Monsoon floods and landslides ravage China, India, and Pakistan; Colin still weak

By: Dr. Jeff Masters , 1:31 PM GMT on August 08, 2010

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Tropical Storm Colin continues to take its time reaching Bermuda, but should finally move past the island today as the steering currents pushing the storm northward strengthen. Colin is still suffering from wind shear and dry air being pumped in from an upper-level low pressure system to the west. Wind shear is a moderate 10 - 20 knots over Colin today, but the storm is so disorganized that it is unlikely to increase in strength more than about 10 mph before blowing past Bermuda tonight. Recent satellite imagery shows that Colin is a disorganized system, with the level-level center exposed to view and displaced to the north of the storm's heavy thunderstorm activity. The intensity and areal coverage of Colin's thunderstorms have shown a modest increase in the past few hours. Rains from these thunderstorms can be seen approaching Bermuda on Bermuda radar.

Forecast for Colin
The latest SHIPS model forecast predicts that wind shear will rise to the high range, 20 - 50 knots, tonight through Tuesday, and it is unlikely that the storm will ever attain hurricane status. Colin may bring 40 mph winds to the southeast corner of Newfoundland on Tuesday night and Wednesday.


Figure 1. Morning radar image of Colin from the Bermuda radar.

93L
A tropical wave (Invest 93) midway between the Lesser Antilles and Africa is moving west-northwest at 10 mph. This wave has plenty of spin, but only a limited amount of heavy thunderstorm activity, thanks to dry air and wind shear of 10 - 20 knots affecting it due to a large upper-level low pressure system to the west. Wind shear is expected to stay in the moderate range, 10 - 20 knots, over the next four days, which may allow 93L to become a tropical storm. NHC is giving a 60% chance 93L will become a tropical depression by Tuesday morning. Both the GFDL and HWRF models predict 93L will develop, and the GFDL predicts the storm will become a hurricane. This storm will probably recurve out to sea, and only be a concern to shipping interests. There are no other areas of concern the models are showing for the next seven days.


Figure 2. Monsoon floods in Pakistan destroyed this section of the Karakoram Highway last week. Image credit: Pamir Times.

The deadly 2010 monsoon kills hundreds in China and India over the weekend
The Asian Southwest Monsoon has hit yet another nation with extreme rains and deadly flooding. Northwest China's Gansu province was hard hit with torrential monsoon rains yesterday, and the resulting flooding and landslides claimed at least 127 lives. Over the past two weeks, at least 1,600 people have perished in Pakistan's monsoon floods, which some have called Pakistan's Katrina. At least 137 died in floods and landslides in the neighboring Indian state of Kashmir over the weekend, and monsoon flooding and landslides have also killed at least 65 people in Afghanistan in the past two weeks. Dave's Landslide blog has some great discussions of the flooding and destruction wrought by the terrible monsoon rains this year in Pakistan, India, Afghanistan, and China. I plan to write much more about this year's deadly monsoon later this week.

The Great Russian Heat Wave of 2010 chokes Moscow with smoke for a third day
Smoke from wildfires cause by the worst heat wave in Russia's history are choking Moscow for a third straight day today, bringing air pollution levels to three times the safe level and forcing cancellation of dozens of flights. However, air pollution is not quite as bad as it was yesterday, when carbon monoxide levels peaked at 6.5 times the safe level. Visibilities at Moscow's airport were higher today (500+ meters), but temperatures still hit 97°F (36°C). The past 26 days in a row have exceeded 30°C in Moscow, and there is no relief in sight--the latest forecast for Moscow calls for high temperatures near 100°F (37.8°C) for the majority of the coming week. As I reported in Friday's post, the number of deaths in Moscow in July 2010 was about 5,000 more than in July 2009, suggesting that the heat wave has been responsible for thousands of deaths in Moscow alone. I would expect that by the time the Great Russian Heat Wave of 2010 is over, the number of premature deaths caused by the heat wave will approach or exceed the 40,000 who died in the 2003 European Heat Wave. As seen in Figure 3, the Russian heat wave of 2010 is more intense and affects a wider region than the great 2003 European heat wave.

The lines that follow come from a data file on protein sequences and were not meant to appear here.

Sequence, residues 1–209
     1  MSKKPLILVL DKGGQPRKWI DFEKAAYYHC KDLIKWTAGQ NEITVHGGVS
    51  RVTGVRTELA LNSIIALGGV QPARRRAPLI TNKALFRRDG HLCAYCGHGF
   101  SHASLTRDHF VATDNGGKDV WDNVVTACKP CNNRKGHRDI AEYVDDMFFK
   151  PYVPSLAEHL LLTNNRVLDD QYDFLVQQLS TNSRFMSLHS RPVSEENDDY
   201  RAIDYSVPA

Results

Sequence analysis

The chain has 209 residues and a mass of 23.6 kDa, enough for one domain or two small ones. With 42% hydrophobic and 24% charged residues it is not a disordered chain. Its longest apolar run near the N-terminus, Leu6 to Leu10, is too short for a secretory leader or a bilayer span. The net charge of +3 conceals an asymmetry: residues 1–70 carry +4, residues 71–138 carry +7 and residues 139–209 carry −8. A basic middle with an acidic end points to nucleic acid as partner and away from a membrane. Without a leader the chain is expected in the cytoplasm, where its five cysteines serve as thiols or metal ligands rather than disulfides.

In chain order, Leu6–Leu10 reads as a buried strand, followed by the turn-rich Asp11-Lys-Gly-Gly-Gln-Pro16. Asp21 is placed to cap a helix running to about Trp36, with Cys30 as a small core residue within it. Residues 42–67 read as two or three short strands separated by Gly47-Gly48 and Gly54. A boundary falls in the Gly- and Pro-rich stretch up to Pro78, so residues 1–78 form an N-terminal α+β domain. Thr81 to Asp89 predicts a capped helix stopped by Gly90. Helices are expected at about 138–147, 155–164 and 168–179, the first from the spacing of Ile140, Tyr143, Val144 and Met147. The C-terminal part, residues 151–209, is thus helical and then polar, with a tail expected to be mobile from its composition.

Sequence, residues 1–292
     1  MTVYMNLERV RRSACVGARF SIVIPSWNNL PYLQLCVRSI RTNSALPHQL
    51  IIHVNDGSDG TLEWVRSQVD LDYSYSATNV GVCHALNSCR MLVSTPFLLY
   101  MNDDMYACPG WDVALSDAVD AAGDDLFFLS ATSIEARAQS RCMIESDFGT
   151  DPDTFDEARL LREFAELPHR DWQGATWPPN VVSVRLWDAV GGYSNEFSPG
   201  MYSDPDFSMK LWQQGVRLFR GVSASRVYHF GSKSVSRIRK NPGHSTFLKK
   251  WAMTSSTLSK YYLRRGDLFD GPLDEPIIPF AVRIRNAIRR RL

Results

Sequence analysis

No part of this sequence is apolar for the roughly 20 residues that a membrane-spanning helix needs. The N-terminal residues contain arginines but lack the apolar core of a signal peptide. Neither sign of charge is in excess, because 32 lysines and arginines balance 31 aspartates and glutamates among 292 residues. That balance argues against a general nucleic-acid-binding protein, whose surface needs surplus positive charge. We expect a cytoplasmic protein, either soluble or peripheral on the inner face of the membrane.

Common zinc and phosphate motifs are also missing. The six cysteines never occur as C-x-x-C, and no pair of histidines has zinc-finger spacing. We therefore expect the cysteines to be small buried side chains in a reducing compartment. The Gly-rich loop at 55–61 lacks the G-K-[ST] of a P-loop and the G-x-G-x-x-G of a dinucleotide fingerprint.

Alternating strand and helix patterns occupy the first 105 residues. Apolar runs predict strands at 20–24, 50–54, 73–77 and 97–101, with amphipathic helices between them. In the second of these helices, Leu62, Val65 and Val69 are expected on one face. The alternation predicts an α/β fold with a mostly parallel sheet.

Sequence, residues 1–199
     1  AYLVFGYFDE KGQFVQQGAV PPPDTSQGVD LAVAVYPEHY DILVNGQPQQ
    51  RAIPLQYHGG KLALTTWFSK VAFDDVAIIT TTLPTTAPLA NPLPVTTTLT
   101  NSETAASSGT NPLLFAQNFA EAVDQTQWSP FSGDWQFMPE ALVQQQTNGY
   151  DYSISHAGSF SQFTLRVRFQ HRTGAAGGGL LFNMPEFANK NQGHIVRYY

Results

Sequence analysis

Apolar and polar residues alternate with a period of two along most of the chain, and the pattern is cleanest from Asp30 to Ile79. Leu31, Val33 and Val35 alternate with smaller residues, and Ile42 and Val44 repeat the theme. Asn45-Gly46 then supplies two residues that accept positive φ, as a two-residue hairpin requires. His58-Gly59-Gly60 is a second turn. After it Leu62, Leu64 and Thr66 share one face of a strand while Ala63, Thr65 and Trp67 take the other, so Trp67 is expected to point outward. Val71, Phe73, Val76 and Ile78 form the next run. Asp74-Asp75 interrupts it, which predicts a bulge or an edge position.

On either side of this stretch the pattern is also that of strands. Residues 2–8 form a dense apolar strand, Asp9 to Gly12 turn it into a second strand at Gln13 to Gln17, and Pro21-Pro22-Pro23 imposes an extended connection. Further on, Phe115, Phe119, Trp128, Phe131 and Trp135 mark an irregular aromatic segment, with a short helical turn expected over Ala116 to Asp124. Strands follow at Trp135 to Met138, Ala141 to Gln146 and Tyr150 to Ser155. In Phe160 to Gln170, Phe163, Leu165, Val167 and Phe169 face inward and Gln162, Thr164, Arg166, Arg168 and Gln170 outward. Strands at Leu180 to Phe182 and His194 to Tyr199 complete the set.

Figure 3. A comparison of August temperatures, the peak of the great European heat wave of 2003 (left) with July temperatures from the Great Russian Heat Wave of 2010 (right) reveals that this year's heat wave is more intense and covers a wider area of Europe. Image credit: NOAA/ESRL.

Next post
I'll have an update Monday.

Jeff Masters

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Its moving south with the shear so its gonna go farther south looks like
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94L should be watched
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Quoting Drakoen:

Images like this look scary..a completely different color because the SST goes over 30C.
so 29.9 and 30.1 are pretty close in temperature but it looks like a big difference.
A couple storms and STT's will be near normal over the Atlantic Basin

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1225. bappit
Some mixed-layer/seasonal thermocline info:

Wind blowing on the ocean stirs the upper layers leading to a thin mixed layer at the sea surface having constant temperature and salinity from the surface down to a depth where the values differ from those at the surface. The magnitude of the difference is arbitrary, but typically the temperature at the bottom of the layer must be no more than 0.02-0.1°C colder than at the surface. Note that the both temperature and salinity must be constant in the mixed layer. We will see later that mean velocity is not constant. The mixed layer is roughly 10-200 m thick over most of the tropical and mid-latitude belts.